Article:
Bulmer’s fruit bat may be the most endangered species of bat in the world; with 1993 estimates of one subpopulation being 137-160.
They are the largest species of cave dwelling bat, and only inhabit altitudes of 1800-2400m above sea level. Believed to have become extinct at the end of the last Ice Age glaciation, the species was rediscovered in a precipitous mountain cave in 1975. Shortly after the Bulmer’s fruit bat discovery, this small population was almost wiped out by hunters with guns. It is the only member of the Aproteles genus, and a part of the Pteropodidae, megabat, family. Further studies to clarify its distribution and population are needed to properly plan a conservation strategy.
- Order: Chiroptera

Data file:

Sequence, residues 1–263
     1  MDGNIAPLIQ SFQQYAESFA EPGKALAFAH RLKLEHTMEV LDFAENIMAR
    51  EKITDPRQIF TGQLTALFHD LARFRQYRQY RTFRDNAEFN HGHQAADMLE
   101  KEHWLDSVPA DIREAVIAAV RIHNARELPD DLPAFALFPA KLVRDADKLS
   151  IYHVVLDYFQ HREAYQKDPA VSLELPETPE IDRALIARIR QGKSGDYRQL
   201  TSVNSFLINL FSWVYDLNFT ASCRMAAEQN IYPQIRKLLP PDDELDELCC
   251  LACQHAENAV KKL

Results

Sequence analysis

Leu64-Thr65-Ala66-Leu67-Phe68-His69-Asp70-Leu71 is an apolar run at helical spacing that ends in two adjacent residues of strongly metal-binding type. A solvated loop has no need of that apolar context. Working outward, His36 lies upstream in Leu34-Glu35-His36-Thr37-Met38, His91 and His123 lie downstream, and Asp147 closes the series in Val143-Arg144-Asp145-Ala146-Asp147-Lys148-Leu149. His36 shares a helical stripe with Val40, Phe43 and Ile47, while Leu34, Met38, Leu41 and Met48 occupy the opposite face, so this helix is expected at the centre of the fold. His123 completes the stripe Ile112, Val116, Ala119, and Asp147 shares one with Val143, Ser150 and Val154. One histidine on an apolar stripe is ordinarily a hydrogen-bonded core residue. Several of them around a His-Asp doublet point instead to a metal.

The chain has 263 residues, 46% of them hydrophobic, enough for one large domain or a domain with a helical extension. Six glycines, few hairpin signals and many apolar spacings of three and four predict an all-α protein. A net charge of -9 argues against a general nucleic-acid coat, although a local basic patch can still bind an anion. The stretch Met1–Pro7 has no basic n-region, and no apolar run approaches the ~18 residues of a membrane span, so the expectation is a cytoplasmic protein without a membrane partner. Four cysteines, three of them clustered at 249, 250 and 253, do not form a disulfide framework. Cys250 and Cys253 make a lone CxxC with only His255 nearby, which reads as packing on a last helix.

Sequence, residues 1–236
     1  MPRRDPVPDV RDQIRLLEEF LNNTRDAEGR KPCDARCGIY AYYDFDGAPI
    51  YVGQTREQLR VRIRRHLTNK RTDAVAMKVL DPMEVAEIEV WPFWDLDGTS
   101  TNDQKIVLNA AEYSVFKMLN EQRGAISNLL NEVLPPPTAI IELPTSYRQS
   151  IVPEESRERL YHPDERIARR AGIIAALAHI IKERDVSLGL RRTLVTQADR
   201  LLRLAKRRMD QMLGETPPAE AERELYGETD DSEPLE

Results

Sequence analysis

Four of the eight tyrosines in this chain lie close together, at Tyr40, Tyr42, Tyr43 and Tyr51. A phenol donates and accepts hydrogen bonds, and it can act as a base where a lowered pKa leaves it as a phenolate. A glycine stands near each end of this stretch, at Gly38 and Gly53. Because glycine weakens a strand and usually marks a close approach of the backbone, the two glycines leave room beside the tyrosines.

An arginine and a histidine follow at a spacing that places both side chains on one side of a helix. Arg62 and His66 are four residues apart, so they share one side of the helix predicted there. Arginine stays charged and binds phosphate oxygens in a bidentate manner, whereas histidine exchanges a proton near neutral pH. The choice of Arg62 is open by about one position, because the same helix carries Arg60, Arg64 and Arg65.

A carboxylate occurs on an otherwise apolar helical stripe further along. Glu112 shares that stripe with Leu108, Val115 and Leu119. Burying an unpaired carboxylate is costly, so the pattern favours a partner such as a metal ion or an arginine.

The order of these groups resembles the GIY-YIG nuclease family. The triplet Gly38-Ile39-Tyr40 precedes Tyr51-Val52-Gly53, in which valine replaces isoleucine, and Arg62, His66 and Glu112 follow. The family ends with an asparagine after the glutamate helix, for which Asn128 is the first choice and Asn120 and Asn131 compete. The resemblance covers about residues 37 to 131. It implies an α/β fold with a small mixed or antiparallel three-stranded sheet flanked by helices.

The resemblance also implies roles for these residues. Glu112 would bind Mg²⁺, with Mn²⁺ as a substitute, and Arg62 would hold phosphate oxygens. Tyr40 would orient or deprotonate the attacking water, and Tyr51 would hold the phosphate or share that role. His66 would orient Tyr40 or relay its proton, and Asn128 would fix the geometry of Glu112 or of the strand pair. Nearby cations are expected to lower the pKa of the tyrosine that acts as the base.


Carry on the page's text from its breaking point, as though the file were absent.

- Family: Pteropodidae
- Population: 137-160
- Trend: decreasing
- Size: 242mm
- Weight: 600g
Bulmer’s fruit bat is endemic to the island of New Guinea. It is currently known only to inhabit a single cave, known locally as Luplupwintem, located in the Hindenburg ranges of far western Papua New Guinea. It is possible that other populations exist in remote mountainous regions of the island.
Habitat and Ecology
The only known roost of the species is an enormous vertical-sided cave near the edge of a large escarpment at an altitude of 2,400m. The cave is surrounded by mossy montane forest dominated by conifers. It is thought to only eat fruit.